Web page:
Advancing in this direction would, to a large extent and equally, depend on the standpoints of the European institutions, the EU member states and their counterparts in CELAC, and the municipalist organisations. It is up to the latter groups to present evidence-based arguments and exert the pressure that would be necessary to convince Europe to situate, once again, its decentralisation and local democracy agenda amongst its investment and political action priorities in Latin America and its other partner countries. Europe should not opt to go against the tide in an area whose leadership is still undisputed today. 


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CEMR, PLATFORMA. “Position paper – EU External Financing for Local Authorities” (2023) 

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1- A revised version of this article has been published in Revista TIP de Paradiplomacia.

2- This was the third Summit to be held since CELAC's creation in 2020. The other two took place in 2013 (Santiago de Chile) and 2015 (Brussels).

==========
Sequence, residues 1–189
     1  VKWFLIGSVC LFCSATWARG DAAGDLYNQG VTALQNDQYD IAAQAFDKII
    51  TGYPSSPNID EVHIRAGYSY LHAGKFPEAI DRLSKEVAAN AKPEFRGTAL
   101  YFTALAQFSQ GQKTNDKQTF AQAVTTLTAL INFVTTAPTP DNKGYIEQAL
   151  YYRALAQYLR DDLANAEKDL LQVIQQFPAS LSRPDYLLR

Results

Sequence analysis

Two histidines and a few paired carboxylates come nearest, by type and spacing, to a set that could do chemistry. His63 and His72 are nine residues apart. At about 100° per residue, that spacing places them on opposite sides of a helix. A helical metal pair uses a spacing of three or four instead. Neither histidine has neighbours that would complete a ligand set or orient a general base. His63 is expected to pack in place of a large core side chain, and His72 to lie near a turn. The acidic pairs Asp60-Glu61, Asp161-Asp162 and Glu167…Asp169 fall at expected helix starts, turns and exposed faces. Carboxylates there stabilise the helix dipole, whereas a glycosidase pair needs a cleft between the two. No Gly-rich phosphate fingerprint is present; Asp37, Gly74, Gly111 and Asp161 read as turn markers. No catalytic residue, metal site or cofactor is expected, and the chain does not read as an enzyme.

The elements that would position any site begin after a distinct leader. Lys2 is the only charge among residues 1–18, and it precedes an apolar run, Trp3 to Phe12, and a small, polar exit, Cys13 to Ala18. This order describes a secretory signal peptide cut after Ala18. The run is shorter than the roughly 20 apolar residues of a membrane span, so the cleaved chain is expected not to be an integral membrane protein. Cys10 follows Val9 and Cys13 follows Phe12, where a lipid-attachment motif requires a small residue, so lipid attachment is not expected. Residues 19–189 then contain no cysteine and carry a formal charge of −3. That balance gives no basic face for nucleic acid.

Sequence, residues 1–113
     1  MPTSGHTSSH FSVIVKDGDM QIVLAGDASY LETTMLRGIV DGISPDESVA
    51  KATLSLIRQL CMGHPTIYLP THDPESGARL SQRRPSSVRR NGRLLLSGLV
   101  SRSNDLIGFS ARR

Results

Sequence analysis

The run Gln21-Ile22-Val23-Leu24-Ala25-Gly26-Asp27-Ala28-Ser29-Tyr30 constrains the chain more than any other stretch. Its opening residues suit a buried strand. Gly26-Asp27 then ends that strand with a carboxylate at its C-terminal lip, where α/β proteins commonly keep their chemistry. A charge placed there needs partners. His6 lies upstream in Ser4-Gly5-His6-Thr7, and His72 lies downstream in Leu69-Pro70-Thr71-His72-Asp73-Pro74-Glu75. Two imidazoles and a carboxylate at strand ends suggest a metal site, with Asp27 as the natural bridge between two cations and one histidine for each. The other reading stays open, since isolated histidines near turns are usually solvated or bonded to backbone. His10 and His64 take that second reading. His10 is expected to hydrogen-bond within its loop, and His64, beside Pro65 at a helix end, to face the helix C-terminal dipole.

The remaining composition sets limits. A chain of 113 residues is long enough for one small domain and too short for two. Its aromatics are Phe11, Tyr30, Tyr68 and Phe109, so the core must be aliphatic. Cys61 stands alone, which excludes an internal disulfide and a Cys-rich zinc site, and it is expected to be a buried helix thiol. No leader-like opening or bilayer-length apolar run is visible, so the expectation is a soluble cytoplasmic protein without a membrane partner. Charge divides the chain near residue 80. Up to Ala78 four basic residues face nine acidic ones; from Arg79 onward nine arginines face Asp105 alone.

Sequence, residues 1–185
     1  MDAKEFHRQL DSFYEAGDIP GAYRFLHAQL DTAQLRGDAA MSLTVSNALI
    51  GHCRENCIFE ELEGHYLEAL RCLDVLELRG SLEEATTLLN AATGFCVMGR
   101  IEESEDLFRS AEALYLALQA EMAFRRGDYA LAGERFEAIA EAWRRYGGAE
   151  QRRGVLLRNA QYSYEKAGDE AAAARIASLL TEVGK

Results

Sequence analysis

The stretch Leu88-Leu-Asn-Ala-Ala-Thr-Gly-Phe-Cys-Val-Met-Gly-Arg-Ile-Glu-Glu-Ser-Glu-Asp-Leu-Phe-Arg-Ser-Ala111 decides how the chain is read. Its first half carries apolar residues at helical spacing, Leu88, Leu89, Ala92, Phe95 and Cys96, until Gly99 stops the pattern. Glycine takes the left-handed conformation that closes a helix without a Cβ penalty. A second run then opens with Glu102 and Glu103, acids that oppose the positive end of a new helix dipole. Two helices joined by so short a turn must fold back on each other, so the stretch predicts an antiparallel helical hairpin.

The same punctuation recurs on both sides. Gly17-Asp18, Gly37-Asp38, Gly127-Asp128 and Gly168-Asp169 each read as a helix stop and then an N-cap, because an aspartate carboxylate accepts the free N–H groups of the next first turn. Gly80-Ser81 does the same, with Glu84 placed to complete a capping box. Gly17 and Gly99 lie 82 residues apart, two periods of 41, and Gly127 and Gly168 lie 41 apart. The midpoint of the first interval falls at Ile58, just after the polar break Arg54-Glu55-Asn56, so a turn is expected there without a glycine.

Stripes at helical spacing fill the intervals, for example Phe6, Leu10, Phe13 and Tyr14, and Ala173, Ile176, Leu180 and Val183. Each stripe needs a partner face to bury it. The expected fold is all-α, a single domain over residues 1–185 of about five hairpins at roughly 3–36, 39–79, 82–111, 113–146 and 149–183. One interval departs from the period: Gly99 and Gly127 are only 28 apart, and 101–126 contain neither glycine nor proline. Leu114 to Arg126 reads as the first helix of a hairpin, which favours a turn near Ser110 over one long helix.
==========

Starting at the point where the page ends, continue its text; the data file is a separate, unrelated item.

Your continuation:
3- This was not the first time the Forum was held, but It was the first time that it aimed at directly influencing the CELAC Summit. The other two times the Forum was held were in 2007 (before CELAC was created) and 2011 (two years before the first Summit).

4- PLATFORMA, the Council of European Municipalities and Regions (CEMR) and the Latin American Federation of Cities, Municipalities, and Associations of Local Governments (FLACMA), the Commonwealth Local Government Forum (CLGF), and Mercociudades.


Agustí Fernández de Losada, senior research fellow and director of the Global Cities Programme, CIDOB (Barcelona Centre for International Affairs).

Marta Galceran-Vercher, research fellow, Global Cities Programme, CIDOB (Barcelona Centre for International Affairs).

Alexandra Vidal D’oleo, researcher and project manager, Global Cities Programme, CIDOB (Barcelona Centre for International Affairs).